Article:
I know it’s likely the girls who will ask for the pill are not having this conversation with their moms.

We moved on to a replaying of the 7th grade manner of coping with this hard-to-talk-about news, the hilarity when one friend asked a question and got an answer that was meant in response to another person entirely. Our afternoons often contain recounting of those interactions. I feel blessed to be hearing about them, blessed to be on such solid ground that we share our thoughts so easily.

I’m in no hurry to have any real brides in the family. The Princess shines whether she wears a gown and a crown or jeans and a t-shirt. When the time comes that she finds the right person with whom to partner, I hope they will see they both contain a source of light, that they are both precious and deserving of care and respect, that having a relationship of wholeness matters most of all.

12 thoughts on “Growing Up Too Fast”

  1. As if not offering these services will make those at-risk girls decide not to have sex? People are so funny about things like this. Yes, it would be great if they abstained, but if they are admitting they are already “there” then isn’t it the responsible thing to educate them about STD’s and make sure there are no unwanted pregnancies? Times they have changed for sure. Glad the Princess wants to be a scary bride! :c)

  2. That is a brilliant idea for a Halloween costume. I may steal it off you next year.
    A year or two ago some kids at our junior high were caught using a room at school for a purpose not intended by the Board of Education. It was a real eye-opener for their parents, and prompted some serious hand-wringing. My thoughts on the matter align with yours.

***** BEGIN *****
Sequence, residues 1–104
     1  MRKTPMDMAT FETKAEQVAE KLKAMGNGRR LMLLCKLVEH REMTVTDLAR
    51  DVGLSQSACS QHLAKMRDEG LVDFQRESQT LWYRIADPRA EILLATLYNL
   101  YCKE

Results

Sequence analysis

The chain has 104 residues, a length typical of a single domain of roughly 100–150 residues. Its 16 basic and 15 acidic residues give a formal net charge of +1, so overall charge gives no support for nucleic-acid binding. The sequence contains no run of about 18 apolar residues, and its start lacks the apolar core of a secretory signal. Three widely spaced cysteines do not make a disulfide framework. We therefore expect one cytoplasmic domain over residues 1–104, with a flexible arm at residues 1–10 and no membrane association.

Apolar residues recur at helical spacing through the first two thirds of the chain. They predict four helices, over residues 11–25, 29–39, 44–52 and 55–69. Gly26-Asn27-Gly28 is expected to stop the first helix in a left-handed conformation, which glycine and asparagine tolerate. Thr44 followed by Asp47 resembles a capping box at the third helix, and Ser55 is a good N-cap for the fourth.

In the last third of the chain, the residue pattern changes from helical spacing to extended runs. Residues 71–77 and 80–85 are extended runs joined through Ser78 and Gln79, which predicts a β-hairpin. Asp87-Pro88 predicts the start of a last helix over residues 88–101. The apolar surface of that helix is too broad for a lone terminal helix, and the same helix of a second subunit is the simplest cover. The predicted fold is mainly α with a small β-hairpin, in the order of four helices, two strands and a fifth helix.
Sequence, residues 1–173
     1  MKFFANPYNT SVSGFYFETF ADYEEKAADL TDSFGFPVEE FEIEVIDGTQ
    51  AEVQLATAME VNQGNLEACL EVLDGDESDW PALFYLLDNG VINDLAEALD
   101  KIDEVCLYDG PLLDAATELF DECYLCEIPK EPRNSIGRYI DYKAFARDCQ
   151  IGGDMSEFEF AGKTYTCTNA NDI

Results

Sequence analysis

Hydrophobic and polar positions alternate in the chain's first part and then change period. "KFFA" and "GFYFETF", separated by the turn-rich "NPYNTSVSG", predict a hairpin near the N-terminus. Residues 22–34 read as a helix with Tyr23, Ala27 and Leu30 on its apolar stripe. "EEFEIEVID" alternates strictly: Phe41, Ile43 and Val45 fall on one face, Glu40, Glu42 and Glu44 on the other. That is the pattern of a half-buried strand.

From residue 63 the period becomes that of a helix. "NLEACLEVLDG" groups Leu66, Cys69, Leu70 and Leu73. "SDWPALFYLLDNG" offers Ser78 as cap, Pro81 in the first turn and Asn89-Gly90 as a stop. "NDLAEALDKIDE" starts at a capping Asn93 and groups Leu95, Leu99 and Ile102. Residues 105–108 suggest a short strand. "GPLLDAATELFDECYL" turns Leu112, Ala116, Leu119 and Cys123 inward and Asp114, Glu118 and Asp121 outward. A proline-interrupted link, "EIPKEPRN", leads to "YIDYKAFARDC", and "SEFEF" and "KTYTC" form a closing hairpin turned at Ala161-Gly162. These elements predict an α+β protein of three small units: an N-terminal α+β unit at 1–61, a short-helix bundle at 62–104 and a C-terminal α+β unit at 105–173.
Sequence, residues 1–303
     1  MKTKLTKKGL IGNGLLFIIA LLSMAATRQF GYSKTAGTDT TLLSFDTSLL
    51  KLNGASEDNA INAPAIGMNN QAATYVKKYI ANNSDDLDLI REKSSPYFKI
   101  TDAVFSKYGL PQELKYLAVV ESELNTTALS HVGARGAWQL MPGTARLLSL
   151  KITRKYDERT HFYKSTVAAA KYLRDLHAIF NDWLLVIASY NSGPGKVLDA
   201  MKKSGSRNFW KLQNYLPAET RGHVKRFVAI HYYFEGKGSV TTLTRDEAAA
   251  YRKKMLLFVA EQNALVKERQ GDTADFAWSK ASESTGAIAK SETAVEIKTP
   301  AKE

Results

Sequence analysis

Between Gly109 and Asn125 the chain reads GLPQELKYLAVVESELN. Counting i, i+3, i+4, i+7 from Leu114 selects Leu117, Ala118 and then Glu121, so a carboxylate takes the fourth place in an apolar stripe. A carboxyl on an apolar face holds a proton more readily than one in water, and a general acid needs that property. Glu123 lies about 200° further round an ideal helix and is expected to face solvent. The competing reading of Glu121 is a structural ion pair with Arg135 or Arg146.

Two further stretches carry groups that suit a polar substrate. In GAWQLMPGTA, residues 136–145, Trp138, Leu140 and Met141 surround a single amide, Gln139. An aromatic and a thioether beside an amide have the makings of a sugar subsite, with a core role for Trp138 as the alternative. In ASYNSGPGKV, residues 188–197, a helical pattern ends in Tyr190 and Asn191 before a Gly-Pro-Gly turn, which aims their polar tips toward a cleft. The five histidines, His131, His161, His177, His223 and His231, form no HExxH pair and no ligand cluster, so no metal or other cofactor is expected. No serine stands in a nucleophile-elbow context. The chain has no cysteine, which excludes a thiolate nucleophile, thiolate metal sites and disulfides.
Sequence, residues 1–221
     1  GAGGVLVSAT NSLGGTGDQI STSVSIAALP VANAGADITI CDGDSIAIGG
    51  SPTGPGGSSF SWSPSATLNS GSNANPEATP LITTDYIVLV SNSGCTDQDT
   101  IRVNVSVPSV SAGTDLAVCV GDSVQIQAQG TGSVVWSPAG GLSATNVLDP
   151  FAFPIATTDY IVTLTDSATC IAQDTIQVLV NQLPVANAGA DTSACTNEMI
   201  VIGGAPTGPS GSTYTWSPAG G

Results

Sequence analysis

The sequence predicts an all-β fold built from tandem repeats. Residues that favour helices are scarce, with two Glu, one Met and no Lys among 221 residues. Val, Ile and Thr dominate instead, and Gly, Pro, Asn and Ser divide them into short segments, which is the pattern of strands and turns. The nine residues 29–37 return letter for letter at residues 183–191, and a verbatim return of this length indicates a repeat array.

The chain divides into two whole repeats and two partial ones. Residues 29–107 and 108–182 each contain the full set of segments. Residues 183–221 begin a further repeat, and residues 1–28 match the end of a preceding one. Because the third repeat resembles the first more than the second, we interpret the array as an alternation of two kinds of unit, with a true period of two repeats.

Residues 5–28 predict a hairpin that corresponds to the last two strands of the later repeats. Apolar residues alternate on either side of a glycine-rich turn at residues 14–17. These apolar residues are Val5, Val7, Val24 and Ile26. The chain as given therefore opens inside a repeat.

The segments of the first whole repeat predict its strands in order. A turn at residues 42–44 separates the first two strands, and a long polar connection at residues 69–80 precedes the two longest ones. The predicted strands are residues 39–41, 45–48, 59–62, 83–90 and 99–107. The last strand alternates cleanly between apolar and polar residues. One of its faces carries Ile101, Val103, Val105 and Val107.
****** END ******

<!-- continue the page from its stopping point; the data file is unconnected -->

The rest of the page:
Have you read “The Girls Who Went Away”?
    Have you

  3. I heard about this on NPR this morning. It sounds like a helpful program for those who can’t afford medical care under our current system.
    What I found disturbing was the statement by the nurse that “there have been 4 or 5 student pregnancies here in the last two years.” I just want to scream at my car radio: “in 7th grade?????????”

  4. Every one of our schools has a school nurse because of the reasons you mention. Over 80 percent of our students receive free or reduced lunch. Though contraception is not one of the agenda items for an elementary school, unfortunately for some, it probably should be available.
    Growing up tooooo soon in this world, these children are.
    Songbird, we can cherish the fact our children can come to us for these issues as so many cannot.
    And I know your princess will be beautifully scary on Halloween!

  5. It goes without saying that you are a great mom — and yet I don’t think that’s what this post says AT ALL.
    I’m reminded of another colleague who welcomes and supports a sexual offender in the life of his church. This strikes the same chord with me. How wonderful. How important. What a great pastor you are to recognize that our hopes for the community are not in sync with what’s really happening out there. Middle schoolers are having sex. It’s sad — but you are being honest in addressing that need. This is why I think you are a great pastor.

  6. First off, I had that Skipper.
    We saw a story on the news last night about the middle school contraceptives controversy. Mallory is writing a story about it for her school paper.
    I think knowledge is power. If we teach them that intimacy is alot more than a physical act, it helps them make better decisions. I wish all parents were talking to their kids about sex openly and honestly.

  7. I think the media has hyped a lot of this up as well.
    It is a sad reality that these girls probably don’t have family support…and I think The Princess is really lucky to have a mom like you.